As Baby Boomers come to terms with the Great Recession, and scratch their heads about what passes for popular music these days, what better time to take a nostalgic listen back to the music that their parents grew up with. Before rock and guitars, it was big band jazz and horns, but then as now, good music had a good groove and hooks, and the best musicians were stars.
The standards of the 1930-1950 jazz era have a staying power that will outlive all but the very best of more recent music. The melodies are hard-wired into the musical memories of even casual music fans; the best composers of the era include immortals like Duke Ellington, Irving Berlin, George and Ira Gershwin, and dozens of band leaders who were heroes in the radio age.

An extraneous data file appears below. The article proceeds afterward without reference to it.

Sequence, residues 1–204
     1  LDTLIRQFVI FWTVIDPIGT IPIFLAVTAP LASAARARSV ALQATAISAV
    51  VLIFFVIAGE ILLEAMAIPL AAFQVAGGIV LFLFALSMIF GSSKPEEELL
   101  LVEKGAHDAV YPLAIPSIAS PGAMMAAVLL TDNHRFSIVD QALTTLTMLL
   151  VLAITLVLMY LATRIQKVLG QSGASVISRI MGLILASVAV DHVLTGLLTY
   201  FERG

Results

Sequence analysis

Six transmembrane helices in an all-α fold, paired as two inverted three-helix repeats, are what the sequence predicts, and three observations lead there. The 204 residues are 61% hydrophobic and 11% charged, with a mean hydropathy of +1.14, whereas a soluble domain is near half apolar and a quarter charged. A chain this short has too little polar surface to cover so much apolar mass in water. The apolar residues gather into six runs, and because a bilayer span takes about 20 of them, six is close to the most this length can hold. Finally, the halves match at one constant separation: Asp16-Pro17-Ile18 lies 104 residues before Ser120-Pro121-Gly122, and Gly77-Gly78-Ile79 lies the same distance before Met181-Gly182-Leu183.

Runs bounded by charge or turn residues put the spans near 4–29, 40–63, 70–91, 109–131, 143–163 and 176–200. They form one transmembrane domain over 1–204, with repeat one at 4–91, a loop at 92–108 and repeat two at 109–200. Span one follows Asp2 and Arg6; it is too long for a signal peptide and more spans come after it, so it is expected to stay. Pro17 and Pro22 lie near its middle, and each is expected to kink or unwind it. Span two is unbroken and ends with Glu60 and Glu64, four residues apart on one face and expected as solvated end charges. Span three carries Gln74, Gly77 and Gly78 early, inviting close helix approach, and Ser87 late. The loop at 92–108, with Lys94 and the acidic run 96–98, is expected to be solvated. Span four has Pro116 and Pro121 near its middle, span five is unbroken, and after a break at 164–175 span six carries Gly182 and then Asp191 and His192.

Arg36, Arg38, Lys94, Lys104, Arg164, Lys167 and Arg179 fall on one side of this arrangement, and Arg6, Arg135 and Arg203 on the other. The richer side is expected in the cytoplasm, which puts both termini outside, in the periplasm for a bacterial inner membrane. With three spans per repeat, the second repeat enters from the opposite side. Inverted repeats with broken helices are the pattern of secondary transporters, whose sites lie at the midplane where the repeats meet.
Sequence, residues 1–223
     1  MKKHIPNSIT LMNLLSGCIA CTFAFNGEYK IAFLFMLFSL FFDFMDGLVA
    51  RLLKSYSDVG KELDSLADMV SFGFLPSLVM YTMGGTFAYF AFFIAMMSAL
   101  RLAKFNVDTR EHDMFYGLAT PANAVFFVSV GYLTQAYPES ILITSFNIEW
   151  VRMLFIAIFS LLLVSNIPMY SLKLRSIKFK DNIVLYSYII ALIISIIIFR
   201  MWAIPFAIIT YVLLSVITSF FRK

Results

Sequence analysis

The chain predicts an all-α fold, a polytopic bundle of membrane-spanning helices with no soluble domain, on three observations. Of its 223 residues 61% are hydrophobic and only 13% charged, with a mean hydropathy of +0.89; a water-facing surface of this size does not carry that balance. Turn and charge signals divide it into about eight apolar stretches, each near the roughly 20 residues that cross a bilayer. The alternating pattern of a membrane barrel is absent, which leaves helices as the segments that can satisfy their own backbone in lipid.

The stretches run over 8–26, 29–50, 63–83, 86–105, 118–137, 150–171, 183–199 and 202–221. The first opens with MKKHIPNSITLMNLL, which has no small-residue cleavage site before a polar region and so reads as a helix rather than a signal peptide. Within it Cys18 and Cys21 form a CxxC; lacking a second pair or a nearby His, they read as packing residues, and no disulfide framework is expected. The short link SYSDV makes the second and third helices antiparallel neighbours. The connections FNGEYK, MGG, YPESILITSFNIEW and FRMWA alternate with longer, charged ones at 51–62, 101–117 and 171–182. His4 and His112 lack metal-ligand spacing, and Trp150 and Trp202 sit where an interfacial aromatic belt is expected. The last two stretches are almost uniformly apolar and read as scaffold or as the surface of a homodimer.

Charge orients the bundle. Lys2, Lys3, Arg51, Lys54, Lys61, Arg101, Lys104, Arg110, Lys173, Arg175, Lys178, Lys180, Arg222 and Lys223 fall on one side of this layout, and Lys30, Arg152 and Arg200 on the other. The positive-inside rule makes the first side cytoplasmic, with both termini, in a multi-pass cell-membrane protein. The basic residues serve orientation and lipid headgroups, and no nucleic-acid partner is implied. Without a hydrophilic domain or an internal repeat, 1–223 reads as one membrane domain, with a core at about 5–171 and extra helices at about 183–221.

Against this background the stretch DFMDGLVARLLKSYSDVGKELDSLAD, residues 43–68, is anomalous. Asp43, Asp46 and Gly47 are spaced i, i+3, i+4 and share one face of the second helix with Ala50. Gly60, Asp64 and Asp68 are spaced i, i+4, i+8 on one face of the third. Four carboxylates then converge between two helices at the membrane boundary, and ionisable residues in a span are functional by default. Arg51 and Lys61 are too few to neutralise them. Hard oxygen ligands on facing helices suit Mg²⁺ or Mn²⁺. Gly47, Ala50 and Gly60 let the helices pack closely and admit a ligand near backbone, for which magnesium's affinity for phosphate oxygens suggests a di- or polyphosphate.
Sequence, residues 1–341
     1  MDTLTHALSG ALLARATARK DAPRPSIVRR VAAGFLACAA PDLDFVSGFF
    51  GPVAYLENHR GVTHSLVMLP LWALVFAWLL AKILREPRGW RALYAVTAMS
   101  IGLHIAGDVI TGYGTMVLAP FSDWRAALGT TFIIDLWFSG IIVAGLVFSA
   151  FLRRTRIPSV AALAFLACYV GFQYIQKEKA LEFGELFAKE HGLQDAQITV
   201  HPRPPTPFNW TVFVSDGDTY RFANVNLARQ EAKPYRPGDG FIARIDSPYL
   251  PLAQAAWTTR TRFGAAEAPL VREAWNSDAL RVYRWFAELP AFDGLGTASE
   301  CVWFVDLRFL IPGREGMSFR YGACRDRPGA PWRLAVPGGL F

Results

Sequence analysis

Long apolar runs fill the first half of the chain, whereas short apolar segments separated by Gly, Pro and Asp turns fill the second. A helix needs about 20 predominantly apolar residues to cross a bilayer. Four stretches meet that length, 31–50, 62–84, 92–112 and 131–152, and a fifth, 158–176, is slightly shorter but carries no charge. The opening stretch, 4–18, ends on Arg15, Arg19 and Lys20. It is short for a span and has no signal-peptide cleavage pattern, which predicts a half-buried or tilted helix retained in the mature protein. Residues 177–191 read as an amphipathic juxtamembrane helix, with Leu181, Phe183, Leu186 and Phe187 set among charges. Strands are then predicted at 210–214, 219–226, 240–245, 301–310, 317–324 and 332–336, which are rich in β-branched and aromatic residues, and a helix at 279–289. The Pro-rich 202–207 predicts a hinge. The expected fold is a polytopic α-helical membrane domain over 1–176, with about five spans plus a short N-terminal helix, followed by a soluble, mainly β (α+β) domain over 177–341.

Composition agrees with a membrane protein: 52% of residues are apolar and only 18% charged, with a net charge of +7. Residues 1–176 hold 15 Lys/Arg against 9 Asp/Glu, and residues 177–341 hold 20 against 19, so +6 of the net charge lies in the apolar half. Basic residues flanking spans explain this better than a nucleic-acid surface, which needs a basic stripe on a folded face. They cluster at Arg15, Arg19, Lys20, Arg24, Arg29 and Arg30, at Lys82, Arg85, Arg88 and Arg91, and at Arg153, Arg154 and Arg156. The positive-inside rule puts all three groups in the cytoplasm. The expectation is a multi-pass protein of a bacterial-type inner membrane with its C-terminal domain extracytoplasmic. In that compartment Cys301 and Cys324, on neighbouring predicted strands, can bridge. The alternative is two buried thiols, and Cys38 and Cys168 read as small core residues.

The music is still played, but 17-piece bands are tougher to put together than rock quartets. Chris Klich and his local Jazz Quintet manage to convey the feeling of a much bigger sound, while keeping some of the advantages of a smaller combo, sticking with classics on Blue Skies. Recorded in 2005 and featuring vocalist Laura Preble, the album is billed as a “Tribute to the Music of the 1940s,” and if anything the 12 tracks are a sort of “greatest hits” of the big band era and platform for some great musicianship.
Klich is prominent throughout on all three saxes, clarinet, and flute. Alan Worthington handles the guitar with taste and restraint and keyboardist (for this disc) Neal Wauchope likewise sets the table for Klich and Preble to take the spotlight and soar. Preble’s vocals are clear and expressive, with good range and a sultry edge when the song needs it.
The eight vocals and four instrumentals include Ellington’s “Caravan,” with some rasty sax work by Klich over the pounding drums getting aid from exotic guitar chords, setting up a nice bass solo by Brian Wright.